If you’re gloves aren’t doing the job, and you don’t want to invest in a pricey new pair, or perhaps you’ve already got some heavy duty gloves but still feel the chill, it’s time for liners.

Liner gloves are thin, lightweight layers that you wear underneath full gloves. They don’t need to be super swanky, and they certainly don’t need to be expensive.


The best offer we can find at the moment is the Louis Garneau Smart Glove – now at £3.99. Made from an acrylic/spandex mix, the material offers excellent wicking, and silicone grippers promise a firm hand on the bar. An alternative is the EDZ Merino which we’ve had great results with and the reviews by happy glove wearers speak for themselves.

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10 Responses to 5 of the best winter cycle gloves

  1. Alan Moore 12/11/2014 at 10:41 am #

    Keeping warm is not a problem for me, but weight and size are. What I’d like is super lightweight but waterproof gloves – any suggestions? Preferably touchscreen-compatible too.

    • Dave 17/11/2014 at 10:17 am #

      Alan, can’t help with waterproof but I got some lightweight grippy gloves with touchscreen fingers and thumbs from tk maxx last year (cost about £15 I think). When it gets really cold I just wear a pair of thin “magic” gloves underneath them which I got in Primark (2 pairs for £1) to keep my fingertips warm.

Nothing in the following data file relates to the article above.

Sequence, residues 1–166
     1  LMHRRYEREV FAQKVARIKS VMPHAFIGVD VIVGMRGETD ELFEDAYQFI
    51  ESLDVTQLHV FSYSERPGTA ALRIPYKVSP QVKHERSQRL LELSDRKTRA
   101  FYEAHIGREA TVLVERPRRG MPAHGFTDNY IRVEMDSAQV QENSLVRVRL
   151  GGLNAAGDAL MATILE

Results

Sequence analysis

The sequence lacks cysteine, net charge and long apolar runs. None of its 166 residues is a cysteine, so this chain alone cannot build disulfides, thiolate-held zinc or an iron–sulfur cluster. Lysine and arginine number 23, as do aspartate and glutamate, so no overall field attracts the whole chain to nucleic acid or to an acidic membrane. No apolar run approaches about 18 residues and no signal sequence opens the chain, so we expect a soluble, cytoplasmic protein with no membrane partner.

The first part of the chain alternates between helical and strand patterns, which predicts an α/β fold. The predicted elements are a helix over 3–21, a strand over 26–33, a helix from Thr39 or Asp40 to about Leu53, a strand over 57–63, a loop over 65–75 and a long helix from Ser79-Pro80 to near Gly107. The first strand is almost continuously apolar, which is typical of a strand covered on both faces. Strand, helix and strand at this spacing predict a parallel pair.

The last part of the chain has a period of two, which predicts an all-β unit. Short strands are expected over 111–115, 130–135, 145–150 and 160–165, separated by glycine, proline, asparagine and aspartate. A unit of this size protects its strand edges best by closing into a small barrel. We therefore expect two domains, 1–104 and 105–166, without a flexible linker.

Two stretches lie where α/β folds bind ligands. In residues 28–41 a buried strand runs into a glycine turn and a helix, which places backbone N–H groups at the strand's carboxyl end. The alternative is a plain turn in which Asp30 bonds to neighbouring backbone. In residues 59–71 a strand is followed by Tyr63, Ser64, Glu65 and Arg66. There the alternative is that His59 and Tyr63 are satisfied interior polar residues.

Worth a look if there’s a store near you.

      Alternatively you can always sew conductive thread into the fingertips of another pair of gloves so you can use your smartphone.

  2. Phil 14/11/2014 at 10:13 am #

    I can’t help Alan- as soon as the weather becomes consistently inclement, I use Army surplus mittens- pile inner, Goretex lined outer. They have kept my hands toasty at -18 and never let the weather in in eight years, not bad for £7. They aren’t great for dexterity, but I only have one gear changer to operate and most of the time my fingers are over the brake levers anyway.

  3. Mrs janet groves 15/11/2014 at 6:11 pm #

    I have sealskinz. Really warm even in the rain. And good dexterity to handle the brakes and gears on a road bike

  4. John 17/11/2014 at 10:36 am #

    Second the lobster gloves – I have a pair from Sugoi & they’re great. Take a bit of getting used to but never had cold hands with them on.

  5. fern 17/11/2014 at 7:11 pm #

    Extremities Velo Glove, light weight and not buky, good to about -9c, had mine about three winters and a bit worn out.
    NOT waterproof. Wind proof is a must, waterproof does not work for cyclists you end up wetter on the inside than on the outside even in a down pour, yes I have tried goretex, I have some very expensive kit that was a waste of money for cycling.

    TIP: For cold weather gloves to work the have to be a loose fit to trap the air.

    For touch screen put a few stitches of metallic tread into the finger tip.

    • Alan Moore 17/11/2014 at 7:18 pm #

      Sounds good, thanks Fern!

  6. Gavin 25/11/2014 at 6:26 pm #

    Always seems strange to me the majority of gloves are black or dark colours, Would be nice to see some reflective bits to make hand signals clearer everyone.

  7. adam 13/03/2015 at 12:19 pm #

    Caratti do a lobster glove which is really good. Only £15 in the sale. I find this design – 2 figers in each claw – works relly well. But it has been hard to find.

  8. Cazzy 07/02/2016 at 12:45 am #

    Aldi do a lobster glove very cheap at around £8.00 and they are very effective in keeping hands warm.Takes a bit of getting use.